A team of researchers of the Bologna Astronomical Observatory
(Francesco R. Ferraro, Nichi D'Amico, Andrea Possenti & Elena Sabbi)
discovered the optical counterpart to the companion of the
eclipsing millisecond Pulsar PSR J1740-5340
in the inner region of the high-density Galactic Globular Cluster
The research has been published in a paper appeared in the 1 November 2001 issue of the Astrophysical Journal Letters.
By using high resolution HST images and wide-field images obtained at ESO, the team identified the companion as a relatively bright variable star. The brighteness and the colour of the companion exclude that it is a white dwarf (the usually seen companion to a millisecond pulsar). It may be a Main Sequence star acquired by exchange interaction in the cluster core or, alternatively, it may be the swelled star that spun up the MSP. In both cases, now it is a star highly deformed by the tidal effect of the pulsar, and it is still overflowing its Roche lobe. In fact, both radio and optical observations suggest that the pulsar is orbiting within an extended envelope of matter released from the companion, as depicted in this artistic rendition.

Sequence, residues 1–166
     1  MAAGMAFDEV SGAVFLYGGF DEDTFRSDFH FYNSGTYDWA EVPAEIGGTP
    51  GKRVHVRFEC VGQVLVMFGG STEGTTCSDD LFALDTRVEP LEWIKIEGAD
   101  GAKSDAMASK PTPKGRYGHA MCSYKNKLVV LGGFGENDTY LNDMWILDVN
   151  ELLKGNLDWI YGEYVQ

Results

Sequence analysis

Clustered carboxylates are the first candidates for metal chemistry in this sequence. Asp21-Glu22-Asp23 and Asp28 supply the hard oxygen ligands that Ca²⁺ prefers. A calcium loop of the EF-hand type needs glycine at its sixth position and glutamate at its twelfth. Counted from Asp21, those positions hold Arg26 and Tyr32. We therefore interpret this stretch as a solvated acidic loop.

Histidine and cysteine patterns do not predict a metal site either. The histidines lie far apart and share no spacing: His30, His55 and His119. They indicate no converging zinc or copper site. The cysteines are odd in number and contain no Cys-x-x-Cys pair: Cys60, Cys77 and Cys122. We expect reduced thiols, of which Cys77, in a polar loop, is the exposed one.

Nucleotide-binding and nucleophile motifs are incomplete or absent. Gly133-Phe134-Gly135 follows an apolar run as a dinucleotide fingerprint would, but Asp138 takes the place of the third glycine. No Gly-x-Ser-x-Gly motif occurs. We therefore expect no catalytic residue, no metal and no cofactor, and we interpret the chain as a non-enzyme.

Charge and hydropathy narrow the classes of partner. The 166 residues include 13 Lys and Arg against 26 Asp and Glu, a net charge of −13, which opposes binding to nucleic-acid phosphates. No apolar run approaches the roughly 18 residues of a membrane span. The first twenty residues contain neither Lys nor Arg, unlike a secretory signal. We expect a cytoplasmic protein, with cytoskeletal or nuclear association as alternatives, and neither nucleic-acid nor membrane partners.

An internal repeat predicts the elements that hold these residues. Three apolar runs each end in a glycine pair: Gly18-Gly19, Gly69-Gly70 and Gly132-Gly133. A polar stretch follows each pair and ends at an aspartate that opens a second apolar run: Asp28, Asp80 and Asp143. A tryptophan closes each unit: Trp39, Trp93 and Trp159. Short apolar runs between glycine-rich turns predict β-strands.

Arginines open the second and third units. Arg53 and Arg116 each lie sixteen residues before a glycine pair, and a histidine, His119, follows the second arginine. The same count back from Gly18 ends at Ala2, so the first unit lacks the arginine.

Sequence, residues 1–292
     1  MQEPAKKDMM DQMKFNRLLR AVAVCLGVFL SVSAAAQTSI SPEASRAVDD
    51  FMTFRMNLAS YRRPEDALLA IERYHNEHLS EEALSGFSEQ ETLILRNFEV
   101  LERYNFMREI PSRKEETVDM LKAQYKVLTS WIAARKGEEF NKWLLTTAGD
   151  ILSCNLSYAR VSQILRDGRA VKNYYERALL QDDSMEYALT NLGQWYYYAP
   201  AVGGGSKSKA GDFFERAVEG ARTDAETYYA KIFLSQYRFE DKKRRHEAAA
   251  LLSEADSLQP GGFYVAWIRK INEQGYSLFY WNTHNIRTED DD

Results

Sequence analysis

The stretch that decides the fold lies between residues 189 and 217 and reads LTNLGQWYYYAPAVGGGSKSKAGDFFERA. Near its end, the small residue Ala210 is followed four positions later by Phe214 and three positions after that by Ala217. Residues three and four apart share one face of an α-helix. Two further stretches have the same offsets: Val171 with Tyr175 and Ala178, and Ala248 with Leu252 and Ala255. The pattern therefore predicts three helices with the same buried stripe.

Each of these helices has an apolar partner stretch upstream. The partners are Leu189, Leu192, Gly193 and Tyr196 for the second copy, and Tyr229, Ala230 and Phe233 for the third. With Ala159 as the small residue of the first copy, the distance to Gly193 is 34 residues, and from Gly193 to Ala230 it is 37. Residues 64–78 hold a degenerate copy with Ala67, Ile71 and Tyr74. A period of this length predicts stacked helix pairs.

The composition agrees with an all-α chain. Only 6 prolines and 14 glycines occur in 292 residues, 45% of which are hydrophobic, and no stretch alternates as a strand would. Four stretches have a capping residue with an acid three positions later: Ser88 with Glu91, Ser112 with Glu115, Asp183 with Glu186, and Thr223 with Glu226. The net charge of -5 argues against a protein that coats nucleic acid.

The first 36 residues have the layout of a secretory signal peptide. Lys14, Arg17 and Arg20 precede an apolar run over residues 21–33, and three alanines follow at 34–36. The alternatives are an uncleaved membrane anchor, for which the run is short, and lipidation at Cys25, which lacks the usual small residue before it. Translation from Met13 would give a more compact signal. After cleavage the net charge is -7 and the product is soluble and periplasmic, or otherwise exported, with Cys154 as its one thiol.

This is indeed the only system discovered so far in which both the companion is still losing mass and the millisecond pulsar is active. However the pulsar's powerful emission prevents gas from accreting onto the neutron star, shooting it outside the binary system. See a sketch of this sweeping mechanism.